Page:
We caught up with Árima during their London roadshow. This Madrid green office REIT’s shares have held up somewhat better than the STOXX Real Estate Index, and one can see why. Despite the fact that Arima’s buildings and projects are classic “green premium” rentals, its market cap currently implies a yield of over 7%.
In the office world, life is rapidly becoming all about having the right environmental credentials, as pointed out by the Urban Land Institute in this recent FT Article. Árima’s portfolio is richly adorned with high-grade environmental/wellness certifications, and we now have some numbers on the positive impact of their projects.
CEO Luis López de Herrera-Oria’s Team has a long history of providing the Madrileño business community with the Grade A, environmentally certified space the city lacks. At their previous start-up, Axiare (16% CAGR during their tenure), they were among the very first Spanish property practitioners to achieve LEED Platinum certification.
At Árima, which they listed (with significant skin-in-the game) in 2018, all the existing whole buildings owned, including the 50% of the portfolio under refurbishment, have achieved or are aiming for the highest levels of recognition from the various rating bodies, with clear benefits for chargeable rents. The recently completed and let Habana building demonstrated premiumisation to wonderful effect; it now houses an international law firm that moved from hyper-central Paseo de la Castellana, paying rent which is far above what the building was commanding when Árima bought it.
As well as certificational excellence, Árima’s latest development to be completed, Botanic, has some comparative numbers to excite our inner planet-savers. Retaining the original structure, which Árima does with the vast majority of its projects, achieved embodied carbon savings equivalent to planting 6,000 trees, and the improvements made brought certified CO2 annual operational emissions per m2 down from 69kg to 13.4kg! Impact investment of the highest order, to say the least.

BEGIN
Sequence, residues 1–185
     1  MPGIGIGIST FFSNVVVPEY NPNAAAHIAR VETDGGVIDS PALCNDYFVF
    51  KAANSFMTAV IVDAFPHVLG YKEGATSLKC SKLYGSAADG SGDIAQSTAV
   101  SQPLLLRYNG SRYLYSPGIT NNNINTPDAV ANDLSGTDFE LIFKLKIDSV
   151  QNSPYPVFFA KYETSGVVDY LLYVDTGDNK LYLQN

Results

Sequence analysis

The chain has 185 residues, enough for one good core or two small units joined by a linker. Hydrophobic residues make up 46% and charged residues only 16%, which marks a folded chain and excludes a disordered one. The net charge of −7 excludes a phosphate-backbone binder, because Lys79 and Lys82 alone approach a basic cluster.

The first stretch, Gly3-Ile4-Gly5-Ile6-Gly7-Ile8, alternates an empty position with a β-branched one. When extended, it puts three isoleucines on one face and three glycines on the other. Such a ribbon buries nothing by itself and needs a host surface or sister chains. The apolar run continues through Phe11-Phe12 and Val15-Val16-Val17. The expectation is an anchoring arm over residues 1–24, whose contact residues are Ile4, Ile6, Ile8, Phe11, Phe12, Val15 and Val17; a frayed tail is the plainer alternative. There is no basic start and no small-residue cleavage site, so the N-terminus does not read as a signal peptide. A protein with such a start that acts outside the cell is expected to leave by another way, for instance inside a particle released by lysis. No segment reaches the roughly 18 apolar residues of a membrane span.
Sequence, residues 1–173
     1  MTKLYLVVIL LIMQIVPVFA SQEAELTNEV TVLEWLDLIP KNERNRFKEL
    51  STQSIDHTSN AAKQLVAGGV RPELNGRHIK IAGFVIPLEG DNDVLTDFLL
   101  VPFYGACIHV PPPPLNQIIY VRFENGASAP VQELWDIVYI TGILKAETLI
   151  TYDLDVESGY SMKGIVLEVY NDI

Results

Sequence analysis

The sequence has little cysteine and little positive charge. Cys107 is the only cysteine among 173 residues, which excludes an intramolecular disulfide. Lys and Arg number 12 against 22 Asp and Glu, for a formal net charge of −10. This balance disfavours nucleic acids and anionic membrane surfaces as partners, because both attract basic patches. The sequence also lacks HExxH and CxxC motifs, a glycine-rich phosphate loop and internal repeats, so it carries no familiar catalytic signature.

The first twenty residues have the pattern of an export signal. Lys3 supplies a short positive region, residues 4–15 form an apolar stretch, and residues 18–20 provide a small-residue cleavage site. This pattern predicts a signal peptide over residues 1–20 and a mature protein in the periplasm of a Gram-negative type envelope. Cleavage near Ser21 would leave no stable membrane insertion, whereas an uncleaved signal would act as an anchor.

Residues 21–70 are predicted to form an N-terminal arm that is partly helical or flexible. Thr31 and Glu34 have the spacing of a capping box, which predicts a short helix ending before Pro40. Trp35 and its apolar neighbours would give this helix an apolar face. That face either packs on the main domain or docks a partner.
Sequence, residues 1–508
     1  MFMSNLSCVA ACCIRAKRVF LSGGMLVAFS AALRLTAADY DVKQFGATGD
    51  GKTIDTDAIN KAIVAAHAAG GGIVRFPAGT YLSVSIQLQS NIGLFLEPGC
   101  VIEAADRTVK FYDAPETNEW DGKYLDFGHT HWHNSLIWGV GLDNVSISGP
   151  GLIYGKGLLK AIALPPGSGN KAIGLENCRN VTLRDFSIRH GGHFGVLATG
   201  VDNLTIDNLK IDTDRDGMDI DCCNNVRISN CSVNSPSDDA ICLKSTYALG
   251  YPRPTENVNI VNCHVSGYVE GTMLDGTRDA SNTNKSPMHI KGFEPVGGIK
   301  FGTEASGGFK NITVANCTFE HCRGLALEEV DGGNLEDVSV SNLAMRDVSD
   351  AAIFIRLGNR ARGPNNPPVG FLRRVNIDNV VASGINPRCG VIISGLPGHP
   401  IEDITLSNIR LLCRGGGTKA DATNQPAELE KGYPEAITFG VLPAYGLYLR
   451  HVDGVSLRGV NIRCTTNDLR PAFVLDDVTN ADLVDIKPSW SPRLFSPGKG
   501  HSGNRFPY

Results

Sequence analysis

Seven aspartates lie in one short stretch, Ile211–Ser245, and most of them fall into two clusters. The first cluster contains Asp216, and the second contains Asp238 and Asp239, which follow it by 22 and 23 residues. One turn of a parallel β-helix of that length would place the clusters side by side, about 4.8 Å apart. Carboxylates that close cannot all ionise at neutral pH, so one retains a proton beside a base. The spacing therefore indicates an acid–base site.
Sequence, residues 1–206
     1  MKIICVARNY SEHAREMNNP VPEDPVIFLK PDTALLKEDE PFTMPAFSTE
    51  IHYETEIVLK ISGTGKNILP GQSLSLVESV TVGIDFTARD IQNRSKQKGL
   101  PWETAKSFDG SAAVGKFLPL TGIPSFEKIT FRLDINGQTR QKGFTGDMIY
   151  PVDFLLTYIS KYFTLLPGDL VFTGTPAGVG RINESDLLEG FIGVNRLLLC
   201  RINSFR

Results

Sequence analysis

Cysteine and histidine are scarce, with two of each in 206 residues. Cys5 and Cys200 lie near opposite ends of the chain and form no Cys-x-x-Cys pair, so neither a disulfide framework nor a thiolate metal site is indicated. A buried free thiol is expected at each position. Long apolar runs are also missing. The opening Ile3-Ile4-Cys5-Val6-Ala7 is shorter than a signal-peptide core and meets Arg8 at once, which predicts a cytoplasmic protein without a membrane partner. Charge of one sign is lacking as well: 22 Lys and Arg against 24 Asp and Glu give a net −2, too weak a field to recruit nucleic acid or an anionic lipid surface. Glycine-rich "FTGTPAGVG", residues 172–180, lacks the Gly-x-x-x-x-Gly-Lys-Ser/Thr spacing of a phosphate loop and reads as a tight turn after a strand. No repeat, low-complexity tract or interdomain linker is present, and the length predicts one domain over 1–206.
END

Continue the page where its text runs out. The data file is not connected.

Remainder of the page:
H1 22 brought ringing validations of the Company’s strategy of creating alpha by sourcing good-value office buildings and sustainably transforming them into highly desirable, low carbon footprint space.
The Habana building’s contracted rent represents a YOC (yield on completion) of 6.4%, compared to the average yield of 3.5% that prime CBD space has been changing hands for. Assuming a plausible 35% LTV, that’s a pretty good return on equity in anyone’s book. In addition, the rental income was 8% more than the building’s Dec 2021 estimated rental value, thus endorsing Árima’s internal rental income projections (more on this below). Árima also entered into negotiations with two single tenants for the Botanic building, which builders Construcía described in a Linkedin post as “one of the most sustainable buildings in Madrid”.
The third major event of the first six months of this year was the securing of additional space for Árima’s Pradillo project, which is a prime example of the complex, multi-vendor, off-market transactions that Luis Lopez’s team excel at. The building’s refurbishment, which will take place over the next two years, is expected to deliver a YOC in excess of 7%. Interesting to note, in the context of Alpha generation, how Árima’s total return has outperformed its European office REIT peer group, despite its current 8.5% LTV, and the fact that its refurbishment projects have only just started coming through.
Árima’s projected rental income, when current refurbishments are completed (expected year-end ‘24), is around €21m. Taking current market cap and projected debt, that represents an implied yield of 7.3% - higher than prime Madrid office space yields rose to during the GFC.